There’s a moment in Ex Eye’s howling behemoth “Opposition Perihelion The Coil,” about five minutes into the 12-minute, blistering black metal scourge, when rifle blasts of saxophone ring out. Sickening waves of noise slowly start to disable it, and eventually it’s drowned out. But then the tide turns. At the apex, saxophone and drums face off, twisting and snarling like serpentine electric eels. A particularly nasty growl emerges from the dust storm, and the fight is raised ever higher over layers of manic and moaning sax. Then a sense of calm is reached, letting you catch your breath briefly, before the twisted saga, albeit muted now, continues. And that’s all in one song.
Ex Eye is the latest endeavor from Colin Stetson, the prodigiously talented saxophonist who has also dabbled in French horn, flute and clarinets. Having already proven himself capable of creating epic whirlwinds of sound on his solo recordings, here his boundless energy is focused on an even fuller post-metal sound with the help of drummer Greg Fox (Zs, Liturgy), synth player Shahzad Ismaily (Secret Chiefs 3) and guitarist Toby Summerfield.
To make up for an absence of vocal narrative, Ex Eye relies on progressive jazz tones over a tight grid of tribal death beats and hazy, nondescript noise to tell their stories. The longform songs in this debut are vast, bottomless soliloquies torched with heavy vitriol and few breaks of silence. The songs are set up like all-consuming chapters in a horror book, each blasting its own experimental black metal wasteland, full of dense valleys and contemplative peaks.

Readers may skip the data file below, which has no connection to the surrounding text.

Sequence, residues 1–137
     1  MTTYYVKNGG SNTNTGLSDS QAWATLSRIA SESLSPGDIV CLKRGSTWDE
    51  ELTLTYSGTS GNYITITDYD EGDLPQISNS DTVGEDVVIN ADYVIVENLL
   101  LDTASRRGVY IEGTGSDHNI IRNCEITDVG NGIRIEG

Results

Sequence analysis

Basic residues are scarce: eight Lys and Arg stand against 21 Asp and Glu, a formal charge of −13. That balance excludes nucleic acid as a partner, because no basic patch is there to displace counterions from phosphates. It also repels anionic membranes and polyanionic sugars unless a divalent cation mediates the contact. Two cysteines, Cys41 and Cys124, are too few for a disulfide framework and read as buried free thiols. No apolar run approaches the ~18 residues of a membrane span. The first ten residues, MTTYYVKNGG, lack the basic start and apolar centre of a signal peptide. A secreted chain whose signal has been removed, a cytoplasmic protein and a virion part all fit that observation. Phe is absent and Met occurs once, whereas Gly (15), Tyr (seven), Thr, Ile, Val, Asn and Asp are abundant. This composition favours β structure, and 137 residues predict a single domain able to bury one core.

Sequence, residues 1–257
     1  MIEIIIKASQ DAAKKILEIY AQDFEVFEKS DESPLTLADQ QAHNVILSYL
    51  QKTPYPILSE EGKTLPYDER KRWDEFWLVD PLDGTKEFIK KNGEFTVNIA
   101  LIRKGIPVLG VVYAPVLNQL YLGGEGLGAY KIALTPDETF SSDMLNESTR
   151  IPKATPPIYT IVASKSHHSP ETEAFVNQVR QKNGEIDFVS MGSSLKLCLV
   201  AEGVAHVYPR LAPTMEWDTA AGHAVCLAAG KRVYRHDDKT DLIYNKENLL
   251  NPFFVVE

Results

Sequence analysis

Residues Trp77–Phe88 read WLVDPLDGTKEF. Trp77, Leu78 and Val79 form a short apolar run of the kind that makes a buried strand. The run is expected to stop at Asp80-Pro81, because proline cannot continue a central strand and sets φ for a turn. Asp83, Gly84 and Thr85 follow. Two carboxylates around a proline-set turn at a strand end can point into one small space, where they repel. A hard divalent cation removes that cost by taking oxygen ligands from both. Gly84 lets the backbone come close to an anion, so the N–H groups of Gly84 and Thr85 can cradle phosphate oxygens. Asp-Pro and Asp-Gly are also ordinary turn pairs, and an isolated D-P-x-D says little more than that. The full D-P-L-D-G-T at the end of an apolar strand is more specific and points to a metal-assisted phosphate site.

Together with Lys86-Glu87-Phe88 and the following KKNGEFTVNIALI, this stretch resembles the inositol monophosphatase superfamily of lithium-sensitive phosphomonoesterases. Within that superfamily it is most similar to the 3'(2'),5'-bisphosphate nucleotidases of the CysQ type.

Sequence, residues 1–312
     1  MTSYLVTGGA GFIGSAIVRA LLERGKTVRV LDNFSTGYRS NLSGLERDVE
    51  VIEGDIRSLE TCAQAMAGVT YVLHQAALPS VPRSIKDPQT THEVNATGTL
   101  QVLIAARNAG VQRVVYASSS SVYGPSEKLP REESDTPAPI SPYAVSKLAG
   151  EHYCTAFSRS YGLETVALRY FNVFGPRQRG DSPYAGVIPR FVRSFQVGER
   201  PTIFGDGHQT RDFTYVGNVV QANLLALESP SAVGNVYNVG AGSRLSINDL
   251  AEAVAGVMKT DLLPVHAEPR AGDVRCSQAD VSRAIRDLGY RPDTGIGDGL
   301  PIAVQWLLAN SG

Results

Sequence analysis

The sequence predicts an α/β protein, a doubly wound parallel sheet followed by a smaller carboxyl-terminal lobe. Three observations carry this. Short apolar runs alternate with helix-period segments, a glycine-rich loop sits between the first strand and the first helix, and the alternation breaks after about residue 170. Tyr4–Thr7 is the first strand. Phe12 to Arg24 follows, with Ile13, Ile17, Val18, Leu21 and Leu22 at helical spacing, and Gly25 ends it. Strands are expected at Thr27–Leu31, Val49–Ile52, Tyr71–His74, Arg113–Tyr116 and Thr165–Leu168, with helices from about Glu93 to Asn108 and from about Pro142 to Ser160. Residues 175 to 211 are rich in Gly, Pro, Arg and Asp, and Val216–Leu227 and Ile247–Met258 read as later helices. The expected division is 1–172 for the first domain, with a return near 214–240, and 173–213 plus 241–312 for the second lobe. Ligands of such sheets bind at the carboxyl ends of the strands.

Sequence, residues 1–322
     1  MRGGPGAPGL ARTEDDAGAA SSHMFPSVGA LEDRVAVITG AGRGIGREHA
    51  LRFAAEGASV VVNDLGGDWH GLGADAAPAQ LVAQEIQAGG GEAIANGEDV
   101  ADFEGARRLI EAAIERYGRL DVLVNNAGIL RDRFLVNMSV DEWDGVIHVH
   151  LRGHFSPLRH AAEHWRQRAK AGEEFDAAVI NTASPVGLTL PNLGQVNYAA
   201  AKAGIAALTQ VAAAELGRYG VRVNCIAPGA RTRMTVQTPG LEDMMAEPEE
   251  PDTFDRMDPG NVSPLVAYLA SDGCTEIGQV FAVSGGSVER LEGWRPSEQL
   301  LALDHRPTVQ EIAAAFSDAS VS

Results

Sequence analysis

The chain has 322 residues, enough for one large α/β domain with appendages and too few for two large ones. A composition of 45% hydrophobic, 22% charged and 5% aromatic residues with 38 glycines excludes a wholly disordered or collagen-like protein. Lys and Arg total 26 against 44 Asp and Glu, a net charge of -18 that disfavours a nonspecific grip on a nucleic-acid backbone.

“Anaitis Hymnal The Arkose Disc” is a rich cacophony of frantic grindcore drumming and cymbal-work that builds frayed threads of wary tension. Fox’s explosive work commands all attention, despite the wall of sound that threatens to annihilate it. The instrumental turns even more tangled and congested, threatening to almost suffocate the project. You’re not quite sure where you should direct your ears, and then, with a deep, booming beat, the sound fades out. And although “Form Constant the Grid” contains a more distinctive melody, similar to the four-minute opener (which seems quaint in comparison to the other massive songs), it still becomes a beautiful network of jazz sax twirls and jags with only a drumbeat and a distant melody to keep the time.
It’s clear from the fire and wreckage in these four tracks that this group isn’t just out to perform technically proficient avant-garde jazz metal. There’s a disturbing core of darkness in each song that makes the album come to life, expressing hidden feelings the listener might not want to uncover.